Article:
Recorded and mixed at Atlantis Studios, Stockholm, Sweden, October 23 - 26, 2008.
Mastered at 4ohm, Munich, Germany, November 2008.
"True Love" is the second ACT album release from vocalist/keyboard player Ida Sand following on from 2007's "Meet Me Around Midnight". Her first album featured ACT regulars guitarist Ulf Wakenius and trombonist Nils Landgren. Sand has also made guest appearances on several of Landgren's solo ventures.
For "True Love" Sand has decided to keep things more "in house". Her husband Ola Gustaffson is one of two guitarists on the album and he also shares the production credits with Sand. Gustaffson is a respected figure on the Swedish pop and rock scene and "True Love" veers as much to pop and soul as it does to jazz.
The material consists of seven pop/rock/jazz covers alongside five original compositions from Sand. Joining Sand and Gustaffson in a slick studio band are second guitarist Mattias Torell, bassist Peter Forss (also heard on violin) and a veteran of the Swedish session scene drummer Per Lindvall. There are also appearances from Peter Asplund (trumpet and flugelhorn), Magnus Lindgren (flute and bass clarinet) and backing vocalists Ingela Olson and Andre De Lang.
Sand possesses a powerful "white soul" voice and is also an accomplished keyboard player. The careful arrangements and high class production values are of the elevated standard we have come to expect from ACT. However there are times when everything appears overly slick and the sound sometimes recalls the ultra smooth stylings of the CTI and GRP labels. Sand's own "Notice Me", probably the weakest of the original compositions suffers particularly in this regard.
"Ventura Highway" by Dewey Bunnell of vapid 70's country rockers America benefits from an imaginative arrangement featuring Gustaffson's guitar and Asplund's trumpet and improves considerably on the original. A richly soulful cover of Robbie Robertson's old Band classic "The Weight" doesn't quite do that but is hugely enjoyable nevertheless.
The album really hits it's stride with a trio of Sand originals. The stripped down piano/vocal arrangement of the ballad "My Biggest Fear" is in stark contrast to what has gone before and is all the more effective for it. Forss's mournful violin adds a dash of haunting colour and the whole piece is chillingly beautiful.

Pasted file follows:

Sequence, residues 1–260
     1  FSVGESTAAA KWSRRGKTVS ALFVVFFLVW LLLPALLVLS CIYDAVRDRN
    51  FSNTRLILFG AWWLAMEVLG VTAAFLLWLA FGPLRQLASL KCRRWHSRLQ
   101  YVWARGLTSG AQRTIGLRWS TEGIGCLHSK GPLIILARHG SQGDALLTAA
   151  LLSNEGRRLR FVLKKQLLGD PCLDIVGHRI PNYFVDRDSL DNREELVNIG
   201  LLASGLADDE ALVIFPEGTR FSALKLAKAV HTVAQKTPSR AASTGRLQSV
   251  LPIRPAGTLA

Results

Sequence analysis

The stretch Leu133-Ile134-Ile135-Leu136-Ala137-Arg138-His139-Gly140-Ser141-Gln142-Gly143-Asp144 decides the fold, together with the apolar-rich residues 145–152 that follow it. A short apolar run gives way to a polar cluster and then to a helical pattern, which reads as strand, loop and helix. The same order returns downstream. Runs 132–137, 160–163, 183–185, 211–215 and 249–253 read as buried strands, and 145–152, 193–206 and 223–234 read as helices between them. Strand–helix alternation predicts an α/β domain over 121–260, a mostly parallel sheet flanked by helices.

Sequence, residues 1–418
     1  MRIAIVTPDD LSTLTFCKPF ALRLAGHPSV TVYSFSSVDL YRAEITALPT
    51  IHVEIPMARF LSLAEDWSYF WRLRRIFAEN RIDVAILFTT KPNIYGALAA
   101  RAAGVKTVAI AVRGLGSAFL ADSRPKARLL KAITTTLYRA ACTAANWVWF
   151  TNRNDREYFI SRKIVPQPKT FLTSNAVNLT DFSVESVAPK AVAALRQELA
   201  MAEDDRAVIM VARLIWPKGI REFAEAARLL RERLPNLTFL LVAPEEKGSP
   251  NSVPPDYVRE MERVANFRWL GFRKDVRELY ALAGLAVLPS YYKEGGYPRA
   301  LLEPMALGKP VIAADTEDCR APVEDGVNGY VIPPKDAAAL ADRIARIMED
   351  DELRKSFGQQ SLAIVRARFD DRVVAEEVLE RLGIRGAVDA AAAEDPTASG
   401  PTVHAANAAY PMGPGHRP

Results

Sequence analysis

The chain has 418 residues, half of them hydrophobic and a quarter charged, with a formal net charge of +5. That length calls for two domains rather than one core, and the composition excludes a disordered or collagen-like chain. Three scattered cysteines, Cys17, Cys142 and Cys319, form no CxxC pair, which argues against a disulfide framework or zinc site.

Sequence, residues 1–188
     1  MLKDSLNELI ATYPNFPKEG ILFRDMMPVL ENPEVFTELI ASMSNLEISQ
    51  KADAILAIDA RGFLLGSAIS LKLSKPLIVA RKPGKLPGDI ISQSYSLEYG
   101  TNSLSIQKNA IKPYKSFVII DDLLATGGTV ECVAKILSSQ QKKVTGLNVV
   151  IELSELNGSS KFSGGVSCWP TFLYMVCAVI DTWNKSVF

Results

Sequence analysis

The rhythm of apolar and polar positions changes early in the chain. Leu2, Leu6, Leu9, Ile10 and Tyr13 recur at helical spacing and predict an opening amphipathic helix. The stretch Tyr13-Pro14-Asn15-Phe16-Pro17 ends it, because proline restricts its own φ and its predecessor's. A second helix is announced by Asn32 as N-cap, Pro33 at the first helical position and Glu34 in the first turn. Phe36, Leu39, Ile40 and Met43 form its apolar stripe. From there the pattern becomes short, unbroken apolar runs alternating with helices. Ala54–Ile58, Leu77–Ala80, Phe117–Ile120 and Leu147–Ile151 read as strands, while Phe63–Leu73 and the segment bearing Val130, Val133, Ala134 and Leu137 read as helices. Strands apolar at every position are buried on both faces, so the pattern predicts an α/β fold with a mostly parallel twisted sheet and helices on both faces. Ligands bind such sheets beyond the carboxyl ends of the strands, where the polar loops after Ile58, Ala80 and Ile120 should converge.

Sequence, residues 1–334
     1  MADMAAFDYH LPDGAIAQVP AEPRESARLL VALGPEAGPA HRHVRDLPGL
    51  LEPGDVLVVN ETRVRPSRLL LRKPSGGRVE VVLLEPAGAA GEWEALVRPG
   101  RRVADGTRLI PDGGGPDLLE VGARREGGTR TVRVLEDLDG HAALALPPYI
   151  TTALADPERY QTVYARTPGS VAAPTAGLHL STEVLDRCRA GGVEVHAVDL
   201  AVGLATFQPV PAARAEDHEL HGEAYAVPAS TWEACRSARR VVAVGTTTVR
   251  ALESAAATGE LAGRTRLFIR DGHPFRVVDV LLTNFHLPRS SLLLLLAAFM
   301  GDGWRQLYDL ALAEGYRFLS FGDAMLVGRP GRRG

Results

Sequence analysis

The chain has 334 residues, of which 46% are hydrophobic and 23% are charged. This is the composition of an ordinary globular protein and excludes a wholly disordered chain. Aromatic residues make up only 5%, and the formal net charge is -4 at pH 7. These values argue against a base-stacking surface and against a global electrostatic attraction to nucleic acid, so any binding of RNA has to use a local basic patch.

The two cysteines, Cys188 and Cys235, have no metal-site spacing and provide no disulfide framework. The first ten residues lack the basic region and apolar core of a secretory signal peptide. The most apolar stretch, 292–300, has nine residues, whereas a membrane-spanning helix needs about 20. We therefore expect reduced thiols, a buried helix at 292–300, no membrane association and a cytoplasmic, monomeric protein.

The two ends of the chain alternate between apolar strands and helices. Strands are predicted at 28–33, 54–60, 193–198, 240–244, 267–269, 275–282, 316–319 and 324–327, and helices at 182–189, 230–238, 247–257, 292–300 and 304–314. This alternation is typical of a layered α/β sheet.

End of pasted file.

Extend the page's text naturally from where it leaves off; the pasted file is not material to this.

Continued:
"As Long As You Love Me" is another strong composition with a memorable tune, an assured vocal performance and an excellent band arrangement with the emphasis on Gustaffson's guitar.
"Devil's Game" is a convincing blues/soul performance with powerful vocals, dramatic guitar and an outstanding contribution from Lindvall at the drums. It is the rawest track thus far and this trilogy of high quality original songs can be viewed as the backbone of the album.
Sand returns to covers territory with a version of Neil Young's "Heart Of Gold". It's a classy interpretation with an interesting arrangement that makes use of Gustaffson's steel guitar but the original is so iconic that one can't help missing Neil's "shaky shaky voice".
A different kind of problem applies to"Lover Man", the only established jazz standard in the collection. It's another quality performance and the sparse arrangement makes good use of Asplund's distinctive trumpet sound. But this is one of those songs that begs the question "just how many versions do you need?", especially of a song identified so closely with Billie Holliday.
Bob Marley's "Redemption Song" just doesn't sound convincing coming from a white woman despite the obvious care put into the arrangement. However I found Sands's version of Jimi Hendrix's "Manic Depression" far more enjoyable . There can't be too many covers of this tune around, especially by a female vocalist. Sand's bravery pays off in an arrangement featuring sinister drums, reeds and electric piano.
"Who's Gonna Help Brother Get Further" is an enjoyable soul/gospel romp with Sand's band affecting a convincing impression of Toussaint's New Orleans grooves. The singer really sounds as if she's enjoying herself here.
The closing title track is a little too earnest and saccharine for my tastes and that sub CTI/GRP feel creeps back in. However this is the kind of soft soul that may well appeal to many. Others have compared Sand to Norah Jones and Lizz Wright and there is no doubt that there is scope for considerable cross over success here.
Sand is clearly a highly talented singer and keyboard player and an accomplished writer. She has surrounded herself with a class band with Gustaffson the dominant figure, his solos are short,sharp and tasty. Instrumentally guest artist Asplund also adds a distinctive touch and Lindvall's on the money drumming drives the band.